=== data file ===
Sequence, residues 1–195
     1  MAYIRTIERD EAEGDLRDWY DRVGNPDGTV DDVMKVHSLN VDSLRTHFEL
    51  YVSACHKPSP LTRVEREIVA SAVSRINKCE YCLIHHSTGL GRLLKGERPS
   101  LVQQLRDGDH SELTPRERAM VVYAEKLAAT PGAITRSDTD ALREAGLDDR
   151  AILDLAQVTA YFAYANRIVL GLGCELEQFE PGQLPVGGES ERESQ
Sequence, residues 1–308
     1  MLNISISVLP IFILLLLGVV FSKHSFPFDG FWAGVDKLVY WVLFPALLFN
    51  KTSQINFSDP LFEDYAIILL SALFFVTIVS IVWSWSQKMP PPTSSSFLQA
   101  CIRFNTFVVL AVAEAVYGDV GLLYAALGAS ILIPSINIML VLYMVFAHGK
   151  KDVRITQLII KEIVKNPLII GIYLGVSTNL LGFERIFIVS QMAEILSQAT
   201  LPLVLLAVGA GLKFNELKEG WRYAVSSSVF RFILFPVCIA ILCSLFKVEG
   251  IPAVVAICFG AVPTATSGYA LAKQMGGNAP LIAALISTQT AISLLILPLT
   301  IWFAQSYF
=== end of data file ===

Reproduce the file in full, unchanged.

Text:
Sequence, residues 1–195
     1  MAYIRTIERD EAEGDLRDWY DRVGNPDGTV DDVMKVHSLN VDSLRTHFEL
    51  YVSACHKPSP LTRVEREIVA SAVSRINKCE YCLIHHSTGL GRLLKGERPS
   101  LVQQLRDGDH SELTPRERAM VVYAEKLAAT PGAITRSDTD ALREAGLDDR
   151  AILDLAQVTA YFAYANRIVL GLGCELEQFE PGQLPVGGES ERESQ
Sequence, residues 1–308
     1  MLNISISVLP IFILLLLGVV FSKHSFPFDG FWAGVDKLVY WVLFPALLFN
    51  KTSQINFSDP LFEDYAIILL SALFFVTIVS IVWSWSQKMP PPTSSSFLQA
   101  CIRFNTFVVL AVAEAVYGDV GLLYAALGAS ILIPSINIML VLYMVFAHGK
   151  KDVRITQLII KEIVKNPLII GIYLGVSTNL LGFERIFIVS QMAEILSQAT
   201  LPLVLLAVGA GLKFNELKEG WRYAVSSSVF RFILFPVCIA ILCSLFKVEG
   251  IPAVVAICFG AVPTATSGYA LAKQMGGNAP LIAALISTQT AISLLILPLT
   301  IWFAQSYF